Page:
Keywords:Remote sensing, air-sea interaction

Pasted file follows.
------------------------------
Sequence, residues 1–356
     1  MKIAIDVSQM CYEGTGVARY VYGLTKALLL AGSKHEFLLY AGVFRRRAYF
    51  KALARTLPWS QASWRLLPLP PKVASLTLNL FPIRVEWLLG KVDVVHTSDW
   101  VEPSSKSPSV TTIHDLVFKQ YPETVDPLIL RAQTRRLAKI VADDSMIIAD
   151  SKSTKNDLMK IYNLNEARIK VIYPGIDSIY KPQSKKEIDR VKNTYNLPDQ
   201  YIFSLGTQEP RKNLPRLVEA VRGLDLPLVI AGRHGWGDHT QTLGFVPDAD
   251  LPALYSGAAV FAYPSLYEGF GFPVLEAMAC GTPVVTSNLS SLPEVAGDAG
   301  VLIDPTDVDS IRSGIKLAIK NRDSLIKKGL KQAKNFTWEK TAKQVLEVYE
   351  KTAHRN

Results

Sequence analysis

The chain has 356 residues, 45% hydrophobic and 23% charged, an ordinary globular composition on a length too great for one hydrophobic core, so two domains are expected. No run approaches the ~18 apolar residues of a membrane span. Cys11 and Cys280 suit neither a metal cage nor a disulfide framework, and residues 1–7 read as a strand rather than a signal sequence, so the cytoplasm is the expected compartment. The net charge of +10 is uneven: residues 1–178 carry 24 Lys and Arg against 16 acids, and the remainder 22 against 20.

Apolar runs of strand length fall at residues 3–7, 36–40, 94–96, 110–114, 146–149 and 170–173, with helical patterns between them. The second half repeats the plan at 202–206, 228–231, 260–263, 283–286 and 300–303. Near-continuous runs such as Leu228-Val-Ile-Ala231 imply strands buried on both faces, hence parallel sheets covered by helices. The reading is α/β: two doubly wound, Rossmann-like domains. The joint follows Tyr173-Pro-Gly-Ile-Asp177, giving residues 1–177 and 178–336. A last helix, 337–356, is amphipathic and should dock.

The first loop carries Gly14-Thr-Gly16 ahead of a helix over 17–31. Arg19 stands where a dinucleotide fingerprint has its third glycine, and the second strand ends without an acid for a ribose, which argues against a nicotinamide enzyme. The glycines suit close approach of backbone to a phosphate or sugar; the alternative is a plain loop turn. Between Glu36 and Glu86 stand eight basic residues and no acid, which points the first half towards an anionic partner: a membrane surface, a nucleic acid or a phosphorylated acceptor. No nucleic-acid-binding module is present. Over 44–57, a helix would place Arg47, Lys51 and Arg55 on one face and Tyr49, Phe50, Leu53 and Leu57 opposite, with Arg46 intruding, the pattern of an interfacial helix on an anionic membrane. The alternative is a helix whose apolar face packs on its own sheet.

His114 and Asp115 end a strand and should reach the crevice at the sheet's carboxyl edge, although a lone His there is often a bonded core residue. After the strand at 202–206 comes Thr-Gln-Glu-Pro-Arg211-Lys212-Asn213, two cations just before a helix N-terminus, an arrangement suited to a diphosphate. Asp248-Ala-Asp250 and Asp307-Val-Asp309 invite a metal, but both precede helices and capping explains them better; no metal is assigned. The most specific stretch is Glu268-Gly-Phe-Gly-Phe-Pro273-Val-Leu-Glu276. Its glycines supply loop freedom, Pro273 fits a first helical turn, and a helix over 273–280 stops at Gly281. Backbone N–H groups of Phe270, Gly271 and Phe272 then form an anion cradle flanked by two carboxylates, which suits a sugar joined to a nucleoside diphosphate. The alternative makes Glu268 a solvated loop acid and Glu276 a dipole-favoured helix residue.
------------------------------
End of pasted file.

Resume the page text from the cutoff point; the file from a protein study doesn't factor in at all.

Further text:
Surface wind speed over the oceans is an essential variable to state boundary condition of both ocean and atmosphere as an important element of air-sea flux. In the past decades from 1990s, several satellite missions for near surface wind speeds over the global oceans have been conducted with a microwave radiometer and a scatterometer mounted on large satellites (e.g., DMSP/SSMI, Aqua/AMSR-E, and QuikSCAT/SeaWinds). Recently, a new method to measure surface wind speed is drawing attention. Cyclone Global Navigation Satellite System (CYGNSS) is a new mission in NASA using eight micro satellite platforms for observing near surface wind speed. Using Global Navigation Satellite System (GNSS) and its reflectance wave from the ocean surface they can measure wind speeds over the ocean area. In this research, we investigated the impact of near surface wind speed observations by the CYGNSS micro satellite group on the following two aspects, with the aim of utilizing CYGNSS observations for the estimation of the air-sea flux. One is to investigate the difference in the observation method itself and show some results of case studies in the situation where it is difficult to measure by the current microwave instruments (for example, an extremely high wind speed region and a heavy rain region). The other is about the difference in sampling characteristics by using micro satellite group. Figure 1 shows an example of observation of the surface wind speed around Japan on March 18, 2017 by AMSR2 (FIG. 1a) mounted on a large satellite, GCOM-W, and CYGNSS (FIG. 1b) of a micro satellite group. It can be seen that the sampling characteristic by the CYGNSS is quite different from that by AMSR2. It is also found that CYGNSS can observe wind speed in the area where AMSR2 can not observe it due to heavy rain rainfall. We will investigate the impact of such differences in sampling and measurement characteristics on estimation air-sea flux.